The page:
Once Davos makes his move as a villain, he has a real old school Venom vibe to him. For several issues, he’d just show up and smack around Iron Fist like nobody’s business, all while Iron Fist whines about how he never saw it coming. By the time Davos decides to seriously fight Iron Fist rather than humiliate him, we find out his backstory. Davos really hates Iron Fist for reasons that aren’t even Danny’s fault, pushed by the realization that Danny doesn’t even know who this guy is. For a while, he just figures he’s his mentor, the Thunderer, out to get him.

Unfortunately, Iron Fist vs. Steel Serpent wouldn’t get resolved in Iron Fist’s comic before cancellation. To tie up loose ends, Claremont and Byrne returned for a two-issue story in Marvel Team-Up, which included Iron Fist’s second alliance with Spider-Man. It’s still a very good climax.

The final three issues of the collection deal with Iron Fist’s origins as Luke Cage’s partner. I discussed that back with the review of Essential Cage Volume 2, though here we at least get an extra issue. The last issue here is Power Man and Iron Fist #50, where the two take on Cage villains Stiletto and Discus. During this fight, Iron Fist shows us that he truly is The One.


The best part of the series would have to be Iron Fist #7. The entire issue is just fantastic. In it, Iron Fist confronts Master Khan for their big climactic fight. It shouldn’t be all that interesting, since Khan is a pretty lacking villain, but the way they include the August Personage in Jade into the scene makes for a great, epic way to end this entire arc, while giving the following stories plenty of exciting potential. The issue also features Colleen Wing stepping up against Angar the Screamer, the man who both drove her father mad and tortured her for weeks in an attempt to break her and make her kill Iron Fist.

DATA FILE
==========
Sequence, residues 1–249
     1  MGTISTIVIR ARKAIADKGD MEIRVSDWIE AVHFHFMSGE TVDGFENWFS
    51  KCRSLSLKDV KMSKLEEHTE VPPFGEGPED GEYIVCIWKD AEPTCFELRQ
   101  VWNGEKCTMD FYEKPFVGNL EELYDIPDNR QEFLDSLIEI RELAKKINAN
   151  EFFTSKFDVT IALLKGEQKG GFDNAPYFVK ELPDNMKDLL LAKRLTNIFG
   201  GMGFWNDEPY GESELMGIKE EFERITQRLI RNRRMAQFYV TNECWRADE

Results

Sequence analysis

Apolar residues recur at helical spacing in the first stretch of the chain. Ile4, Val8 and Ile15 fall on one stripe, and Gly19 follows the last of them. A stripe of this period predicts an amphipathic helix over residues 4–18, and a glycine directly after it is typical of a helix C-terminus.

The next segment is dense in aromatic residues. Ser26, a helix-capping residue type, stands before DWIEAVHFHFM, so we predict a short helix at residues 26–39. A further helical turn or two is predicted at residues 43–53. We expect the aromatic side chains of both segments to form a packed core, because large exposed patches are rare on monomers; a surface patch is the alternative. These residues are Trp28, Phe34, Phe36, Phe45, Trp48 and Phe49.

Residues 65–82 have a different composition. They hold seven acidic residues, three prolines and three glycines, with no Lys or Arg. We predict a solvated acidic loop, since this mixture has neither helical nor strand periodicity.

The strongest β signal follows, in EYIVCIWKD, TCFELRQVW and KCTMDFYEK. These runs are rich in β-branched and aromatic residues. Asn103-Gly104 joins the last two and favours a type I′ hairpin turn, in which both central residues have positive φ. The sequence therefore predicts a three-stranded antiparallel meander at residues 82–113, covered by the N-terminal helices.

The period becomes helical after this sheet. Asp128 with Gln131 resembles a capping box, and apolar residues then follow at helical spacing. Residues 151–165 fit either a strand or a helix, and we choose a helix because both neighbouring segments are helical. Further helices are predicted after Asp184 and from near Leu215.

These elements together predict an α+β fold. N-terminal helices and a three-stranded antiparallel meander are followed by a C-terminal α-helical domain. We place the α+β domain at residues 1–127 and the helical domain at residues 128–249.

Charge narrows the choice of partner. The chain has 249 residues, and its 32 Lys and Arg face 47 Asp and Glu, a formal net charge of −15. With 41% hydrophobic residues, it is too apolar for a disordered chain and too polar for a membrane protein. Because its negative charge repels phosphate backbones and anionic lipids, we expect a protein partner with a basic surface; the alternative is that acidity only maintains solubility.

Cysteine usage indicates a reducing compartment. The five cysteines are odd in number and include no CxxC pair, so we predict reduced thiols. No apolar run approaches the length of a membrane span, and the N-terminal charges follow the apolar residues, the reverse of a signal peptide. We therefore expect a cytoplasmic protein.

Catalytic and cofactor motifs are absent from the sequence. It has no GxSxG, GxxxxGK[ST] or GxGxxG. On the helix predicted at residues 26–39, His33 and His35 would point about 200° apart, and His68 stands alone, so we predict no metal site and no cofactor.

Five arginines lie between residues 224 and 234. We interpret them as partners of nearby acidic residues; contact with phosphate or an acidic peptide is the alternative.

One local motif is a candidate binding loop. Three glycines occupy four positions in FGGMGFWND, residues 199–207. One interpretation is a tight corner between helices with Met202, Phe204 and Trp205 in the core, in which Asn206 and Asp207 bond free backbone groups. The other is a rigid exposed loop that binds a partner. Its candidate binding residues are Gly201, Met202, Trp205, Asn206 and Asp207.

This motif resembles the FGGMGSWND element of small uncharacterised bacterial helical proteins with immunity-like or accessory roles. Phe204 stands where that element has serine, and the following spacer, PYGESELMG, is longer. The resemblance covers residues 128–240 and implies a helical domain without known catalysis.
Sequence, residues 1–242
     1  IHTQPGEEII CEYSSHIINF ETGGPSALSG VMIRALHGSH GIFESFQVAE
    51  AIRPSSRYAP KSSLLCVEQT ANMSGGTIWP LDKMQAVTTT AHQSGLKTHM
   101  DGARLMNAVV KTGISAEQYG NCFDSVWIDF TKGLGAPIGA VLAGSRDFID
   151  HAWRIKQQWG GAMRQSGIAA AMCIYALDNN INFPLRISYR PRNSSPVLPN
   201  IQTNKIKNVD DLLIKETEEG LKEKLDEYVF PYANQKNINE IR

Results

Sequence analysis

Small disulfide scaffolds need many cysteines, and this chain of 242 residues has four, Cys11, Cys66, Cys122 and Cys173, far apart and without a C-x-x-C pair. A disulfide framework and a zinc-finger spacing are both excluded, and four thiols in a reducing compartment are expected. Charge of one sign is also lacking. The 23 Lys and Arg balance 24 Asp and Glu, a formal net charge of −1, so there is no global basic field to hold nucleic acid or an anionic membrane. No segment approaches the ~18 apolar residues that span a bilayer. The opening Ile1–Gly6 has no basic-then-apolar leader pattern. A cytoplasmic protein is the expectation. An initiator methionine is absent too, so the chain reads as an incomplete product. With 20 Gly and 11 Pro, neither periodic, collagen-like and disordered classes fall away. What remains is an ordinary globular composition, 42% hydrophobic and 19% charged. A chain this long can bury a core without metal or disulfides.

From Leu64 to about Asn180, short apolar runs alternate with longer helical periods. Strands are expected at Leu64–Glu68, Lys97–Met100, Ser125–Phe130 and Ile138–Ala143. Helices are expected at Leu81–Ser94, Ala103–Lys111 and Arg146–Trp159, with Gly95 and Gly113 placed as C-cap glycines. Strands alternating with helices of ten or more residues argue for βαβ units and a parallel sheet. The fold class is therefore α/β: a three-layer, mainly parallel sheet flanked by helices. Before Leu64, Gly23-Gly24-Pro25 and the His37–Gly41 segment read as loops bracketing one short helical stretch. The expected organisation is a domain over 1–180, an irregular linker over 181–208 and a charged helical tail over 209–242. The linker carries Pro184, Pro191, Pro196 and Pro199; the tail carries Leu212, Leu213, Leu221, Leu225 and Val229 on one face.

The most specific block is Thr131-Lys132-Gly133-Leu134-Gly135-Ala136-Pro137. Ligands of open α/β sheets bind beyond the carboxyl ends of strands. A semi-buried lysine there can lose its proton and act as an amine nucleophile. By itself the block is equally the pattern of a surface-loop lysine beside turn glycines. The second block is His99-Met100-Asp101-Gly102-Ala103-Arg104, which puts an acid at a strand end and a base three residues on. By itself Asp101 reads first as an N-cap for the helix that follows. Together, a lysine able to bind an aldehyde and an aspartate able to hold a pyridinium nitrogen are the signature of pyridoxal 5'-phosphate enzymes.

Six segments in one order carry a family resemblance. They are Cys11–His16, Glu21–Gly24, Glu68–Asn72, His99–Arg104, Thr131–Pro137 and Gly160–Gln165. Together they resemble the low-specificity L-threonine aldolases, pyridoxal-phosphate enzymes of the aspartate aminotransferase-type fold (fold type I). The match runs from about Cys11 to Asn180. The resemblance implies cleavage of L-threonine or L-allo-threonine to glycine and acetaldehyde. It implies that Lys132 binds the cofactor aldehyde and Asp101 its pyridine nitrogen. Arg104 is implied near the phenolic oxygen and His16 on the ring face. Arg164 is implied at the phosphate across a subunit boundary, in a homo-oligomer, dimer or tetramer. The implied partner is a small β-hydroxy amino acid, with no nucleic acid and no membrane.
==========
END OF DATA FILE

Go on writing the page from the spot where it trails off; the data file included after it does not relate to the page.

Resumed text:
As cool as this is, a few issues later, she’d rant about how she wishes she really killed him instead of just giving him a simple wound. Lame.

The worst part of Essential Iron Fist? Hm. While none of the stories were horrible, there was one thing that became almost a running gag. For some reason, Iron Fist is always being accused for murder. If he’s standing next to a guy sleeping on a park bench, the police will probably see this, get the wrong idea and chase him down. Some examples:

1) After Iron Fist leaves Harold Meachum to live in his own personal Hell, the Ninja pops in and impales Meachum with a sword. Harold’s daughter Joy comes in, gets a load of the scene and vows revenge on Iron Fist.

2) Iron Fist visits the Wings, only to find that Colleen and Lee are missing and the place is destroyed. Misty Knight, meeting Iron Fist for the first time, attacks him and calls him a killer.

3) During the search for Colleen, Misty and Iron Fist go to see a contact of Misty’s, who works for Tony Stark. When they get there, they find that he’s been murdered. Stark watches this on a monitor, gets the wrong idea and Iron Man goes to deal with that murderer with the sweet-ass chest tattoo.

4) This one is a bit bizarre, but here it goes. Iron Fist has made enemies with Chaka, a martial artist crime boss in a tiger mask. Chaka drugs Iron Fist and challenges him to a final battle for the antidote. He then drugs his own brother, makes him wear the Chaka costume and forces him to fight Iron Fist. At the end of the fight, Chaka seemingly murders his brother and sneaks off, making it seem to both Iron Fist and the authorities that Iron Fist himself murdered an innocent man in a Chaka costume. Follow that?